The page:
Nate Marshall isn’t interested in being “once in a generation,” but he is a poet fiercely curious about both generations and generations. He is a poet I turn to when I’m looking for a long love song, propulsive and methodical. Like Chicago, the city we both love and will always call home, everything in Nate Marshall’s poems comes from love but isn’t interested in being romantic. We have things to reckon with, and a world to build with language that was generated in Black mouths drumming up from the American South, where our mutual mystery begins, to the cities that promised a place we could build, stay, love, mess up, fall, laugh, hurt and get hurt, transform, make and make again. “Nothing about our people is romantic / & it shouldn’t be,” Marshall writes in “the valley of its making,” a poem in his new collection, Finna, published in August by One World. I feel it in my very marrow, this collective power in a language we make and unmake with a love that, as he writes in “imagine,” is “a great idea / we keep having every day.”
Marshall’s first poetry collection, Wild Hundreds, was published by the University of Pittsburgh Press in 2015. He cocurates the BreakBeat Poets series for Haymarket Books and served as coeditor of The BreakBeat Poets: New American Poetry in the Age of Hip-Hop (2015). With Eve L. Ewing, Marshall co-wrote the play No Blue Memories: The Life of Gwendolyn Brooks, which was produced by Manual Cinema and commissioned by the Poetry Foundation. He also wrote the audio drama Bruh Rabbit & the Fantastic Telling of Remington Ellis, Esq., which was produced by Make-Believe Association. His last rap album, Grown, with his group Daily Lyrical Product, was released in 2015. He is an assistant professor of English at Colorado College in Colorado Springs.
Finna is a collection of poems, and finna is a word that means I am home, and I feel at home in these poems, by which I mean in each poem I am in a room where I can hold myself accountable to both what I am complicit in and what I want to build. I got to hold this book as helicopters chopped the air above my Minneapolis apartment, as Black folks marched for those the state has slain and in defense of a world we deserve but can’t yet fully see. I am grateful for this newest entry in Nate Marshall’s arc as a writer, grateful for possibility, for this Blackest language, our collective and percussive love.
Julian Randall: I wanted to start with “landless acknowledgment,” which is an absolute banger of a frontispiece to everything going on in this collection. I’m thinking of how land acknowledgments have become more common in spaces from one of our shared origin points: poetry performance and slam. As you head into the publication of your second collection of poems I’m wondering how consideration of performance and audience, this idea of “We,” has shifted for you since the publication of Wild Hundreds.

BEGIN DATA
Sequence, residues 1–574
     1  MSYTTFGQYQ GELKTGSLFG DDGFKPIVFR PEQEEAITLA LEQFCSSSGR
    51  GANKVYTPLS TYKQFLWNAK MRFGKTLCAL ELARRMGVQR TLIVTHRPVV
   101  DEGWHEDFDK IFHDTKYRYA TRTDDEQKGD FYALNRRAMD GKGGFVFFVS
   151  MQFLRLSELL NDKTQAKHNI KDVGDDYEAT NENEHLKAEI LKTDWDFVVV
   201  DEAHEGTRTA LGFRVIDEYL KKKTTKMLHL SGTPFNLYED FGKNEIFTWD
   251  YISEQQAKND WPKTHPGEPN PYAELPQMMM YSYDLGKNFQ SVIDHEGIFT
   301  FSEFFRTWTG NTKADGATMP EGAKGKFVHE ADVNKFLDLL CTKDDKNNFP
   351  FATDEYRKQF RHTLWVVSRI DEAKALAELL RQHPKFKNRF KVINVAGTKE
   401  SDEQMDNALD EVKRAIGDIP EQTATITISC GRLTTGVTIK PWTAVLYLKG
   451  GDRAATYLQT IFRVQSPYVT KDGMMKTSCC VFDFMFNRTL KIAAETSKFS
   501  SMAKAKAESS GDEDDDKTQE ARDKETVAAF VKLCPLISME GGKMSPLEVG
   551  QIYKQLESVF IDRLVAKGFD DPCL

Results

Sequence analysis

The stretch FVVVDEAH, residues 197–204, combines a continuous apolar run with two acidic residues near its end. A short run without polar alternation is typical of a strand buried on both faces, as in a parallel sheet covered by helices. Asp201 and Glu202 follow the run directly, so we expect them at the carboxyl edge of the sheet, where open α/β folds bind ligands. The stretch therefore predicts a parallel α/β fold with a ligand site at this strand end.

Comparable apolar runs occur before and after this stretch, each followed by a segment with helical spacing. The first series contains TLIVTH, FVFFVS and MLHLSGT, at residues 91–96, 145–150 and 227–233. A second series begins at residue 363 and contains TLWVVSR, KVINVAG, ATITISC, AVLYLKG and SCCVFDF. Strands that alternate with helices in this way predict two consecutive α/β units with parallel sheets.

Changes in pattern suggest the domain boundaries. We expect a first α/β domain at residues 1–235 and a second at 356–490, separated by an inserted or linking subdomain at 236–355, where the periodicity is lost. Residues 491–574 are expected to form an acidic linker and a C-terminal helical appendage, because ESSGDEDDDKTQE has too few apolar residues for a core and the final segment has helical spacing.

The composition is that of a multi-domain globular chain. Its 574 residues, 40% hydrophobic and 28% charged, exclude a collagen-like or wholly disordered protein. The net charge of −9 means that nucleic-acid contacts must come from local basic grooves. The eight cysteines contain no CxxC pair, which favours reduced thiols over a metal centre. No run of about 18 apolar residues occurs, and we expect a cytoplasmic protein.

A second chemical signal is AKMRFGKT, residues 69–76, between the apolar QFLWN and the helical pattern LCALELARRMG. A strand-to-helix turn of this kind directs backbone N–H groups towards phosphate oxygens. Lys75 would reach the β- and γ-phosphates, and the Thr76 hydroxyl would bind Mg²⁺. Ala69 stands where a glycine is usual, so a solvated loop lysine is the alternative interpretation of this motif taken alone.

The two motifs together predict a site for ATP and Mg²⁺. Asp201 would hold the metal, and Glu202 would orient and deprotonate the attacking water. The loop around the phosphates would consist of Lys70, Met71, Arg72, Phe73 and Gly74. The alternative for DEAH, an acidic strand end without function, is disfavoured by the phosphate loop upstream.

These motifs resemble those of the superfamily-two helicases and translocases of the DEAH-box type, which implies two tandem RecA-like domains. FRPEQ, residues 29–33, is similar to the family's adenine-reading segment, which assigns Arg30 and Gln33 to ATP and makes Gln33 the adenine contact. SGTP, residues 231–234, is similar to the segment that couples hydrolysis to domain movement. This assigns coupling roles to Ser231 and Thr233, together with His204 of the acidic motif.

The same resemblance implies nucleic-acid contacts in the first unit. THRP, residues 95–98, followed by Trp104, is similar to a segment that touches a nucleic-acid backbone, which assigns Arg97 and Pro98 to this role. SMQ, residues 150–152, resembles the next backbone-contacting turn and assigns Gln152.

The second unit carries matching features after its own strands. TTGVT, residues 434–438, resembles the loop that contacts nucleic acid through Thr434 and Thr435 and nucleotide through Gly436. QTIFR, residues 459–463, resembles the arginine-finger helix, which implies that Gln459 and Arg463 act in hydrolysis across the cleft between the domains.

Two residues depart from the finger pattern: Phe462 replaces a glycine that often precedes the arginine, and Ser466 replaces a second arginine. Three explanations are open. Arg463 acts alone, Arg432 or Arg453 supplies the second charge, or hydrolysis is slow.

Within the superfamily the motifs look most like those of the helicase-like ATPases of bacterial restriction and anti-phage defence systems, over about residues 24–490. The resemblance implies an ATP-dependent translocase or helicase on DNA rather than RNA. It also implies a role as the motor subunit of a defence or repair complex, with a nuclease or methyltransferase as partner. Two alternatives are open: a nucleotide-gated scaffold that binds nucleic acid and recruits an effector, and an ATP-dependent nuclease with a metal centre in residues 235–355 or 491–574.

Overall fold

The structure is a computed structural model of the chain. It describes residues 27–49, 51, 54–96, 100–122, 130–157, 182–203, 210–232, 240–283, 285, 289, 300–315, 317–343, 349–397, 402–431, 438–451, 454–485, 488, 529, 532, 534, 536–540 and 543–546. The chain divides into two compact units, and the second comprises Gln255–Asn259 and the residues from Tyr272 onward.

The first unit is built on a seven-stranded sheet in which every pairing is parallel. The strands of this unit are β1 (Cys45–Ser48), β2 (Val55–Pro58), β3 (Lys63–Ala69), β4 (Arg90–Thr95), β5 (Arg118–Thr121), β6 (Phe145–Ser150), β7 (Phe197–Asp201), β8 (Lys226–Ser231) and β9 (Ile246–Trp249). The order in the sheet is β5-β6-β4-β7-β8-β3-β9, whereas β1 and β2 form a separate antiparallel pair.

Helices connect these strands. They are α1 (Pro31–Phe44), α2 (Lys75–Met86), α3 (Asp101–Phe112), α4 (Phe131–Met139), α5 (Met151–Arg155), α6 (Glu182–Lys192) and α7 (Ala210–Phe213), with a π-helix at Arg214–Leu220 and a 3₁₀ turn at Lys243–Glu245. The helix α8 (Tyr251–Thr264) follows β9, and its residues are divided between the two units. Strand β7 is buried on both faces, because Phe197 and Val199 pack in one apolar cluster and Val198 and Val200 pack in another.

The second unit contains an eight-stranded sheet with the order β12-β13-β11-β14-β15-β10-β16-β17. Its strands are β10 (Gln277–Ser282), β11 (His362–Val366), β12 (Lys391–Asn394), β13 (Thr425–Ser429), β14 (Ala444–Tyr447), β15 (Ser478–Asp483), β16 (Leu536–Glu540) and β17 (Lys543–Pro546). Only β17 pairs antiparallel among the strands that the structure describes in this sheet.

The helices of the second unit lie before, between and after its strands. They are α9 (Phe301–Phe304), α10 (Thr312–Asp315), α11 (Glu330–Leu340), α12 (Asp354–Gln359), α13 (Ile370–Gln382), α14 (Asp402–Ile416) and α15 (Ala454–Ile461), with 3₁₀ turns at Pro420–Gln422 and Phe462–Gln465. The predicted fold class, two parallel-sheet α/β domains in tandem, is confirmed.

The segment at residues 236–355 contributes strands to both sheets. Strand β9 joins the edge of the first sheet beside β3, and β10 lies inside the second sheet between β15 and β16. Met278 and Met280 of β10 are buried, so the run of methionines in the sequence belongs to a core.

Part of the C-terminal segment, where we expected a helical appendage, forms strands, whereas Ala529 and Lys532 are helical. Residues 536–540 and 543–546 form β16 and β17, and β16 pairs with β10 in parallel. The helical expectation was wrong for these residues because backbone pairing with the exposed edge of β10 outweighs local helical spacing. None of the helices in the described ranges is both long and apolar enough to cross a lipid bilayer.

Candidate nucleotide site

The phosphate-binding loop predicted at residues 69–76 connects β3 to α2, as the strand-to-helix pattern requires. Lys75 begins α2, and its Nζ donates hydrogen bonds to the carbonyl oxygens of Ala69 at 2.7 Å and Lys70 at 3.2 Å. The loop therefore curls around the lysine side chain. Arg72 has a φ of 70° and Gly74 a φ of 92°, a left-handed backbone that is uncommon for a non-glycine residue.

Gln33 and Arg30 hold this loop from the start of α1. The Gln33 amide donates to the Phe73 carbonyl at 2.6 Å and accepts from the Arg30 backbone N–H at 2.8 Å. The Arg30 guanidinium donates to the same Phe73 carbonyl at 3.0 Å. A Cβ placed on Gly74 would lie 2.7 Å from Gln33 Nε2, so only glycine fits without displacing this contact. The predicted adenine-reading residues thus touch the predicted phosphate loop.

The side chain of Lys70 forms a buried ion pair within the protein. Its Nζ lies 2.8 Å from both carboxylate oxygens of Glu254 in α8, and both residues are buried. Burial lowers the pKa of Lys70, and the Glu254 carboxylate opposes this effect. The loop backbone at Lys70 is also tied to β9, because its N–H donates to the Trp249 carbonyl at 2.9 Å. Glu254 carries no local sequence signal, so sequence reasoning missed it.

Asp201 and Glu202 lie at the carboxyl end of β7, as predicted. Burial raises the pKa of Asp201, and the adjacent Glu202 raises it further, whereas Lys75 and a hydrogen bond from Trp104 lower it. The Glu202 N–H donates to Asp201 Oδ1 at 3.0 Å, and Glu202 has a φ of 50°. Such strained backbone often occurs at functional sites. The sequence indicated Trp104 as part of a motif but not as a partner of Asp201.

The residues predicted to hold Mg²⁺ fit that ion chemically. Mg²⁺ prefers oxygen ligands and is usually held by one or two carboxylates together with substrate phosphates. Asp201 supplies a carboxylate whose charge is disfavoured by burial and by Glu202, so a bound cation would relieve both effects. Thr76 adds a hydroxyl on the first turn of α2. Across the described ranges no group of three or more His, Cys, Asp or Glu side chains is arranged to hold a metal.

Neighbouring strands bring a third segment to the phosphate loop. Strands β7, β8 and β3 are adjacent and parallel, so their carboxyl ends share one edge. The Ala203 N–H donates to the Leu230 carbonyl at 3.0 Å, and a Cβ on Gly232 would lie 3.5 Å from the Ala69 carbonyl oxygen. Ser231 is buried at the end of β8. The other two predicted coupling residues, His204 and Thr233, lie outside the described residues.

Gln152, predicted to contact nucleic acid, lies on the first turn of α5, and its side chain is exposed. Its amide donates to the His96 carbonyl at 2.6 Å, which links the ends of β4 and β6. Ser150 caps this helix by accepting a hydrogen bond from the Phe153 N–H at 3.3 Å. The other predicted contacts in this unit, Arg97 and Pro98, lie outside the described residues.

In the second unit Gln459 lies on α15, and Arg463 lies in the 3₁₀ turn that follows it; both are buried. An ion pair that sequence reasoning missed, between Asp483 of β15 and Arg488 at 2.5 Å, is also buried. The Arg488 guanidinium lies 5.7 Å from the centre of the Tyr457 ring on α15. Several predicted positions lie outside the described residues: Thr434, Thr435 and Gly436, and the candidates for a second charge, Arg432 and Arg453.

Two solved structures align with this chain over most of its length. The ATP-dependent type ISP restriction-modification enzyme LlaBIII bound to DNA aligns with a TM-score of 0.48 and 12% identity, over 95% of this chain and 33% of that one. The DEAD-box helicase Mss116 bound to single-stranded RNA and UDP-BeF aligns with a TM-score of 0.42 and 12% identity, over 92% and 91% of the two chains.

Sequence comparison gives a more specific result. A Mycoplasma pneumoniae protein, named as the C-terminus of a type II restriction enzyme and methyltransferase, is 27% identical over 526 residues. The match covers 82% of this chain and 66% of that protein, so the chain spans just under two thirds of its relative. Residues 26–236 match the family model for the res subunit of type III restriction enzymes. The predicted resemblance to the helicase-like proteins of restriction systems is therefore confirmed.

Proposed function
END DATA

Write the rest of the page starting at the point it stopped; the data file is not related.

Nate Marshall: That’s a good question. I don’t know if I really had an idea of the audience when I was writing Wild Hundreds. I think, hypothetically speaking, yes. But I didn’t really at that point have to contend with the fact that people, particularly people outside of my immediate community, would be engaging with the work like that. The first book just feels like a miracle. Past that, you start, at least for me, saying,
JULIAN RANDALL is a queer Black poet from Chicago. A recipient of multiple fellowships as well as a Pushcart Prize, he holds an MFA in poetry from the University of Mississippi. He is the author of Refuse (University of Pittsburgh Press, 2018), which won the Cave Canem Poetry Prize and was a finalist for an NAACP Image Award, and the middle-grade novel Pilar Ramirez and the Prison of Zafa, forthcoming from Henry Holt in 2022. He can be found on Twitter, @JulianThePoet, and on his website, juliandavidrandall.com.
“OK, people are maybe listening now,” and I know that it’s no longer a dream or a hypothetical, and what do I want to do with that now? Who am I interested in talking to? Who am I not interested in talking to? I think it’s a thing that I thought a lot more about in Finna. In many ways Wild Hundreds was a book written to myself, and I think Finna is a little different. The tenor of it is thinking a little more about an audience that is now no longer hypothetical.
Randall: Word. Staying on the notion of audience in the time since Wild Hundreds dropped, you’ve put out a dope audio play retelling/remixing the tales of Brer Rabbit as the tales of Bruh Rabbit in Chicago. I’m wondering how working in audio drama as a form has shifted how you think about the speaker in your poems. I’m thinking about how Bruh Rabbit as the main character in the play is working through a kind of antihero status similar to the main speaker of these poems, what it is to be the protagonist and not be perfect either. Is there any correlation in how these figures in your work formed?
Marshall: In some ways, audio drama was kind of a really natural place for me to go as a writer. Because I come out of a performance lineage, both as a poet and an emcee, but also because I’m always thinking about how does a poem live in air. The thing I’ve been turning over in my head for the past couple of years is the idea of the poem as sheet music and not like the song itself. So the poem as rendered on the page is effectively the notation that you would use to approach the poem, but it is, in and of itself, perhaps not the whole thing. If I were to ask you, “Yo, play your favorite Beyoncé song,” you wouldn’t hand me the sheet music like, “You see this ish right here fam?!” You’d put on the song.
Randall: It’s kind of like a conversation you and I had once about what constitutes a “10” in a slam. It has to trouble something in the air; it’s gotta move the crowd for that poem to achieve that status.
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